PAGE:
Those stories of a righteous woman,
her virtue questioned through no fault of her own;
of a widow with nothing left to lose . . .
No way to tell where shadow ends and light begins
but Mother was always
Light dances on the child’s curls and whether Father sees or not the bond between the baby and his mother is perfection.
Twelve years with my mother were not enough but I know how to paint the love,
the source of light.
The final touches that remain would go unnoticed to an unskilled eye.
In truth, I could release her now.
A signature the final touch,
the client would be satisfied,
and none would be the wiser.
But I would know her arm is
not quite right.
It wraps around the baby,
yet still looks flat.
Father babbled out some useless nonsense when I tried to ask him how to fix the problem.
I don’t think he understood my question.
If he cannot see the problem to begin with,
how could he ever solve it?
It’s only a commission,
doesn’t even bear my name.
But I’m not only painting the Madonna.
I’m building a ladder,
each new technique,
Every time my father shoos me down the stairs away from my studio,
each time he speaks to buyers
as though I am not there,
each time they leer at me
as I descend in seething fury,
my mother’s stories stoke the flames inside.
We mostly deal in Bible tales,
some portraits, ancient histories, myths.
But all the maestros sign their names to David, Adam, Moses.
Those who follow strive to leave their mark as well.
I can paint a David—king or upstart boy,
but when I do there’s nothing of me on the canvas.
Susanna, though, is different.
My mother never held a brush but still composed the boldest images from the brightest colors drawing the eye—the mind—
to what mattered most:
the young woman
stealing a moment
of peace to wash
away the day
then her world,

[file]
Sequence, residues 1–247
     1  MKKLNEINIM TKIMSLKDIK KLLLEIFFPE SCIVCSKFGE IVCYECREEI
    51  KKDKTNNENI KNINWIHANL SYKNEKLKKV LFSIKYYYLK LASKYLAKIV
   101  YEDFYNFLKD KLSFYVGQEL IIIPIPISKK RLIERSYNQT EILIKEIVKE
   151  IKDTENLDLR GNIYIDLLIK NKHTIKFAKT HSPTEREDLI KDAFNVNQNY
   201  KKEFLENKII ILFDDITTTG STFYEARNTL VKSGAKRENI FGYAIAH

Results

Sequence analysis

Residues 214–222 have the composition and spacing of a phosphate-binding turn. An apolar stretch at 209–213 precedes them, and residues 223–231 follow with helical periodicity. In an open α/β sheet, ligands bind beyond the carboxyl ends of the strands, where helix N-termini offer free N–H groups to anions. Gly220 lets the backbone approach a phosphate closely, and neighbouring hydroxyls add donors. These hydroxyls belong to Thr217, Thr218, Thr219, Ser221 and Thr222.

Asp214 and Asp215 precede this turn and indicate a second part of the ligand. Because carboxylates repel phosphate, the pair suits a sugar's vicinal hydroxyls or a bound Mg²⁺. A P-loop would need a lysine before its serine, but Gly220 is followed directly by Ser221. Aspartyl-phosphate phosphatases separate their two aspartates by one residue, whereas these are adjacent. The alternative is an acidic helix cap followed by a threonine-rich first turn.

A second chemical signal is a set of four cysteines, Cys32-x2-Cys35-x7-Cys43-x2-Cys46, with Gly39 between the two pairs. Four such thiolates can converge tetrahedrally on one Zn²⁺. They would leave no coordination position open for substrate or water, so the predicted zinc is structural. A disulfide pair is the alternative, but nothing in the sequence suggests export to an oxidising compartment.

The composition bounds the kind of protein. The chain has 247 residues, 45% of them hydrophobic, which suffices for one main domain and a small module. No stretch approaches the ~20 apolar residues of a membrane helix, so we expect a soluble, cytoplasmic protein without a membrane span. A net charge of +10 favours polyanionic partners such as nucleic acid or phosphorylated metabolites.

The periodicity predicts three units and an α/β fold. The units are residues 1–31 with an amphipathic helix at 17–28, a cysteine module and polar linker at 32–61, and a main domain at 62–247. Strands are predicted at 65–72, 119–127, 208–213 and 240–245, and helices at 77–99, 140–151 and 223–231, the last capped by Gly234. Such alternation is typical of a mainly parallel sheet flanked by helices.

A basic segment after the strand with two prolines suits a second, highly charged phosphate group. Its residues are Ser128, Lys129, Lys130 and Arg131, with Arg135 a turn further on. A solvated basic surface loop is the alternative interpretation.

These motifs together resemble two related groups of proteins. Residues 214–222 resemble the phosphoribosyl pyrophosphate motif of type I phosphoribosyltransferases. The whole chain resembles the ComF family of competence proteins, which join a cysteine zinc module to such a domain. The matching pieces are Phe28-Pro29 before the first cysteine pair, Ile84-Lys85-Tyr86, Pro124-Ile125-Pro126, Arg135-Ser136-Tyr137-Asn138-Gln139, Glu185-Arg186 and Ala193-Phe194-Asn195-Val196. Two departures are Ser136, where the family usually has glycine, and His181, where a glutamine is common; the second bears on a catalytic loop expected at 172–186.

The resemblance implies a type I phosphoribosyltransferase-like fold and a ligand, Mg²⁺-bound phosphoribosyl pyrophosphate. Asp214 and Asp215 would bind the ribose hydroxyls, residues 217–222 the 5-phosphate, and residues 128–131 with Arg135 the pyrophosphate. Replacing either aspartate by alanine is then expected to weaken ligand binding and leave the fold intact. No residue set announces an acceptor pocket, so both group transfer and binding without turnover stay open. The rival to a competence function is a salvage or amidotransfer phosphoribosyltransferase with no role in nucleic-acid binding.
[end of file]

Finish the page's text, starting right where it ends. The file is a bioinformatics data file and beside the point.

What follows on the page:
stained beyond repair.
Susanna and the Elders.
Father’s made attempts at Susanna,
just like the other painters—men—
who think they have the right to tell the story of a woman always watched.
But one can’t truly tell a story unless they’ve lived it in their heart.
The longer I’m shuffled in and out of the studio,
used for what I can offer,
not what I long to share,
the more certain I am
I can do Susanna justice.
I can do my mother justice.
I can have justice.
But I’m holding back until I think perhaps my skills can match my heart.
My arm cradles my palette,
I paint alla prima in my mind exactly how it should look.
Why then can I not transpose
the image in my mind
the image of my flesh onto the canvas?
I stare at the Madonna’s flat, flat arm so long my eyes begin to blur.
I do not notice the creak of stairs
moan of door
steps that cross
Or perhaps he does not enter like a mortal man but appears fully formed a miraculous apparition.
upon my cheek.
Not Father’s breath.
I grope for hiked-up skirts,
fling endless, heavy layers of propriety toward my ankles.
I am a model Roman girl
(or I can play the part at least).
The man averts his eyes,
steps back to give me space,
as though he doesn’t realize his mere presence in this room drives out all air.
He may as well be pressed against me.
He did not mean to startle—
that much is clear.
And even now as I
steady my breath
check my skirts once more his eyes are not on me but on the canvas.
My name is Agostino Tassi.
And you are Artemisia.